This research aims to enhance public health outcomes during infectious disease outbreaks by employing simulation modeling combined with causal inference and statistical learning methods to identify and address different types of biases that could undermine inference drawn studies of health using observational data. 

Specifically, the researchers plan to generate synthetic datasets using simulation models that replicate the complex dynamics of the 2022 Mpox outbreak in Toronto, in collaboration with clinicians, public health teams, and community-based organizations. They intend to use statistical learning methods to predict how big the problem of residual confounding and collider biases could get when inferring risk factors and the effectiveness of interventions during an evolving outbreak. They will then pilot-test analytic approaches to reduce these biases. 

“This work has the potential for applicability across health conditions by helping to improve validity in estimating risks and intervention impact,” says Professor Mishra. 

Decoding unintelligible speech: a conversational context-aware assistive technology for children with complex communication needs (CCN) 

Tom Chau (Holland Bloorview Kids Rehabilitation Hospital) and Monika Molnar (Temerty Faculty of Medicine, Department of Speech-Language Pathology, University of Toronto)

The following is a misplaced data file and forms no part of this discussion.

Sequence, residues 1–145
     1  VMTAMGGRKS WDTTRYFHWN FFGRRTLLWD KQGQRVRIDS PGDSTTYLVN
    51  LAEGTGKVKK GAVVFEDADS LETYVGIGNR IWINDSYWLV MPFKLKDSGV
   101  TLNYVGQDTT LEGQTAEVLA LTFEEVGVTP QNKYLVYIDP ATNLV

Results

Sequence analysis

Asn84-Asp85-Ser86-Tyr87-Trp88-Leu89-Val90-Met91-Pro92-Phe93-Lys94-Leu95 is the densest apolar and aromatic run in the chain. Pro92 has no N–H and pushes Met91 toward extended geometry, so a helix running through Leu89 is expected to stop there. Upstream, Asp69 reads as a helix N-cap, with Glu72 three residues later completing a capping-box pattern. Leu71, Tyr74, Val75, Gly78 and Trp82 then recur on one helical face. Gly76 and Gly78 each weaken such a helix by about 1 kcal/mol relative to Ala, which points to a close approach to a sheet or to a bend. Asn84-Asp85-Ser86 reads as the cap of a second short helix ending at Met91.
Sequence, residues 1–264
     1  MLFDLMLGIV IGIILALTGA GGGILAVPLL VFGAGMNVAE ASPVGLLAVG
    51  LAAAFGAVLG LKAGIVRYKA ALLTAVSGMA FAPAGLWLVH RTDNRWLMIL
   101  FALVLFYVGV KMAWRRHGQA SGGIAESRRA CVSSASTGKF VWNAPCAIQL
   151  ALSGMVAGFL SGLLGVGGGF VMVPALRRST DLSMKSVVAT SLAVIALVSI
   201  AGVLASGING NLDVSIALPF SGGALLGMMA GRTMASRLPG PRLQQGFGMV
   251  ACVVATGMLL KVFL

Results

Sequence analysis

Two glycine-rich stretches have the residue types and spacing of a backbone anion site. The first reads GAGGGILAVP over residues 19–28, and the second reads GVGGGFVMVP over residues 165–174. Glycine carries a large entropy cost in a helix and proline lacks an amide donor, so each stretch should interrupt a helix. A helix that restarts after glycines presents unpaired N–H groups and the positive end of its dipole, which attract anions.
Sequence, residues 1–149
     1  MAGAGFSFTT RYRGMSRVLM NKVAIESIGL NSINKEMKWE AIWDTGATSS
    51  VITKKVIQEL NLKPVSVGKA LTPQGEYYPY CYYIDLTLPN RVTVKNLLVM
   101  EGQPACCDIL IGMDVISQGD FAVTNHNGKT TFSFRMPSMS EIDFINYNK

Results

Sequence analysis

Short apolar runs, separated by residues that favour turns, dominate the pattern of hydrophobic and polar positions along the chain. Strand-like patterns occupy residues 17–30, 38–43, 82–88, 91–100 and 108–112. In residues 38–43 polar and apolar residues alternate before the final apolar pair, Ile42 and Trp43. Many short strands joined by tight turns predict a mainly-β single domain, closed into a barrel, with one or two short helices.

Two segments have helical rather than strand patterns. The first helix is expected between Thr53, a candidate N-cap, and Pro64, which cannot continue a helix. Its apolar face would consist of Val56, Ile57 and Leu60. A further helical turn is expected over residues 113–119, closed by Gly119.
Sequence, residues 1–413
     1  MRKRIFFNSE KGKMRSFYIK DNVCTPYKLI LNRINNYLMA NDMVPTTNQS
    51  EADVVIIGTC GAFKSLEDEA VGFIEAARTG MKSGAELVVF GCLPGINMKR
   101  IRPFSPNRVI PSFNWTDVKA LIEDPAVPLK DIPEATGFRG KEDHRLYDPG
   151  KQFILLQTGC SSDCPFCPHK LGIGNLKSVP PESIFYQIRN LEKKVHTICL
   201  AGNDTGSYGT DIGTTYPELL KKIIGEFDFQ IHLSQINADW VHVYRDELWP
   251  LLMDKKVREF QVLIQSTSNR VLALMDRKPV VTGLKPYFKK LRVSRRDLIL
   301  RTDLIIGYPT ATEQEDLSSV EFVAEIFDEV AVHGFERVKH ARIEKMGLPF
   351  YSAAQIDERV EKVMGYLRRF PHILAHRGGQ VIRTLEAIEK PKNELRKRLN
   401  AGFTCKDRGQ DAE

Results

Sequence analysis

Children with CCN often prefer to vocalize, but their sounds are typically unintelligible to those unfamiliar with them. They are often excluded from fully participating in education, society, and eventual employment. 

This Catalyst Grant proposal is dedicated to helping children with complex communication needs (CCN), potentially leading to the development of assistive devices. 

The research team plan to utilize machine learning to decode the unintelligible speech of these children using an existing audio-video dataset of speech samples. This project could pave the way for the development of artificial intelligence-driven electronic devices tailored for children with CCN. 

“There are currently no assistive technologies that can accurately decode their speech sounds,” explains Professor Chau. “As a result, children with CCN remain excluded from full participation in education, society, and eventual employment.” 

The researchers hope this project will accelerate the impact of data sciences in the fields of rehabilitation and biomedical engineering, driving positive social change for children with CCN. 

The DSI’s Catalyst Grants, co-funded by T-CAIREM, play a crucial role in supporting these research projects by providing the essential seed funding and fostering the collaboration among research teams needed to realize this impactful work and apply for external funding in the future.